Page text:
Who is right, Moore or Simpson and Booth? If Simpson and Booth are correct, it should be possible to find Renaissance texts in which question marks are used where one would expect exclamation points even when the exclamation is not structured like a question, as in Malvolio's line from Twelfth Night. As it happens, such examples are very easy to find. Here is an example from Hamlet as it appears in the First Folio.

How weary, stale, flat, and vnprofitable
Seemes to me all the vses of this world?
Fie on't?
If Moore's "rule" is correct, both "question marks" in this passage must follow an exclamation structured like a question. That explanation might work for the first instance, but "Fie on't" is not structured like a question, and its punctuation violates the rule that Moore would have us believe applied to all texts in the period. Here are more instances, all taken from act 2, scene 2 of the First Folio Hamlet. In each case I follow the First Folio text with the text as it appears in the Riverside Shakespeare.
FF: Mine honour'd Lord?
RE: My honor'd lord! [line 222]
This line is not structured as a question. It is not "How now, mine honour'd Lord?" or "What the deuce was that, mine honour'd lord?" The next example is very similar.
FF: My most deare lord?
RE: My most dear lord! [223]
Once again, we have a question mark following an exclamation that is not "a rhetorical statement put as a question." The next example is one that might be considered to follow the rule, if we had not already seen so many exceptions:
FF: O Iephta Iudge of Israel, what a Treasure had'st thou?
RE: O Jephtha, judge of Israel, what a treasure hadst thou! [403-04]
Only twenty lines later, we find "Moore's rule" violated once again:
FF: O old friend?
RE: O my old friend! [422]
Here are some more examples from the same scene in which question marks appear in the First Folio where exclamation points are used in the Riverside. We cannot, indeed, say whether any of the question marks are due to the presence of "a rhetorical statement put as a question," which Moore tells us is the only time such question marks are used; or whether they are used because the two marks are used interchangeably, as they are in several lines in this scene that we have already seen. Perhaps the fact that, as Booth says, the marks are "easily mixed up in a printer's font" comes into play. What we can say is that rhetorical question or not, question marks often are used where modern editors use exclamation points:
FF: What, my yong Lady and Mistris?
RE: What, my young lady and mistress! [424-25]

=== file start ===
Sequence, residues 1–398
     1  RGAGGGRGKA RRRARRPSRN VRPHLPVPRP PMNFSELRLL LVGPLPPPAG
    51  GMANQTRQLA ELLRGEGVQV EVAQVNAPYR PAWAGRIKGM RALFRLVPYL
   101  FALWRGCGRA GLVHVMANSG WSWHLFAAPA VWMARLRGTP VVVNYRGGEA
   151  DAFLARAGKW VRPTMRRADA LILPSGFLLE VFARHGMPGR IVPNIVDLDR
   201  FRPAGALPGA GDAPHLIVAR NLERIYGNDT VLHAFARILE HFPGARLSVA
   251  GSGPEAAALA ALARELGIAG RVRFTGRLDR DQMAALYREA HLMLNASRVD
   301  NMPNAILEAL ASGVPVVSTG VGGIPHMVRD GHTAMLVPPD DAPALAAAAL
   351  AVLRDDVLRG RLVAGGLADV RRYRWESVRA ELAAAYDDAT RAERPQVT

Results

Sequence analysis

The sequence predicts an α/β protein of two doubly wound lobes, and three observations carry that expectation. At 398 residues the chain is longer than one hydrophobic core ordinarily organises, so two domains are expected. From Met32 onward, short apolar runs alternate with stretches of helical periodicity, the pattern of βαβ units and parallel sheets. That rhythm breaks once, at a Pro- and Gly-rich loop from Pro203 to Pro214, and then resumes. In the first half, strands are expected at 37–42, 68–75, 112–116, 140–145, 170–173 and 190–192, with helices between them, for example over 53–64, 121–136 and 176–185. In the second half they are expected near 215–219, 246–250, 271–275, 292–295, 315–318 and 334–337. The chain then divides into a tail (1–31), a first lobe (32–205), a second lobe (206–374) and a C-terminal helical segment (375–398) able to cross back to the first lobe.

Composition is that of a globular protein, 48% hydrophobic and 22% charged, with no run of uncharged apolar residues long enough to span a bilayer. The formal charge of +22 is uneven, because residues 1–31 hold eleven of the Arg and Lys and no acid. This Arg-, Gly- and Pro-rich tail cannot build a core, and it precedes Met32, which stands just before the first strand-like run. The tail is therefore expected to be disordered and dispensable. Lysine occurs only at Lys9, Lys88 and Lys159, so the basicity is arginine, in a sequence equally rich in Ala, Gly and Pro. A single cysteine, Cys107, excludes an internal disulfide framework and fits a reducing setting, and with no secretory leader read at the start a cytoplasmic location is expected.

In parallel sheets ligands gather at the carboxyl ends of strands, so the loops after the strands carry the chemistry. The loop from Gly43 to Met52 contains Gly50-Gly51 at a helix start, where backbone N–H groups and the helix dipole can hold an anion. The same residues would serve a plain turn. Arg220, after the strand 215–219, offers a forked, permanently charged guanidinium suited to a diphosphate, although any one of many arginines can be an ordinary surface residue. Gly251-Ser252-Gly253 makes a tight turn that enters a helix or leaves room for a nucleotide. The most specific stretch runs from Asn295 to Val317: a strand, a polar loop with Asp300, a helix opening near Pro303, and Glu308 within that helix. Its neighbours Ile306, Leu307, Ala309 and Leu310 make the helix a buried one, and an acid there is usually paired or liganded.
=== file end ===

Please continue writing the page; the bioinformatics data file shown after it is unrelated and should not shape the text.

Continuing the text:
FF: Oh what a Rogue and Pesant slaue am I?
RE: O, what a rogue and peasant slave am I! [550]

FF: For Hecuba?
RE: For Hecuba! [558]

FF: Who? What an Asse am I?
RE: Why, what an ass am I! [582]

Then consider this First Folio passage from the same scene:
What a piece of worke is a man! How Noble in Reason? How infinite in faculty? in forme and mouing how expresse and admirable? in Action, how like an Angell? in apprehension, how like a God the beauty of the world, the Parragon of Animals;
One might be tempted to render all those "question marks" as exclamation points (and also add "!" after "God" and "Animals"), but modern editors favor lighter punctuation, and thus replace most of them with commas. In like manner, modern editors of Ben Jonson may replace many of the "exclamation points" in his apostrophe to Shakespeare (some of which in Benson become question marks) with commas. It doesn't mean that they doubt Jonson meant to praise Shakespeare.

Moore's thesis was that "The question marks in the frontispiece in John Benson's 1640 edition of Shakespeare's poems make a very strong argument that Benson regarded the First Folio's identification of the author as a fraud." As we have seen, Moore misunderstands the punctuation conventions of Renaissance texts. Moore also mischaracterizes both Simpson's and Booth's descriptions of the use of question marks for exclamation points in Renaissance texts. We have shown a number of examples taken just from one scene in one play from the First Folio that are counterexamples to Moore's "rule." Moore has never shown us any examples from Renaissance texts where the mere presence of a question mark, in the absence of any expression of doubt, had the same meaning that in modern punctuation is conveyed by a question mark in parentheses. It is clear, then, that the question marks in the frontispiece cannot be taken as a sign that Benson "regarded the First Folio's identification of the author as a fraud."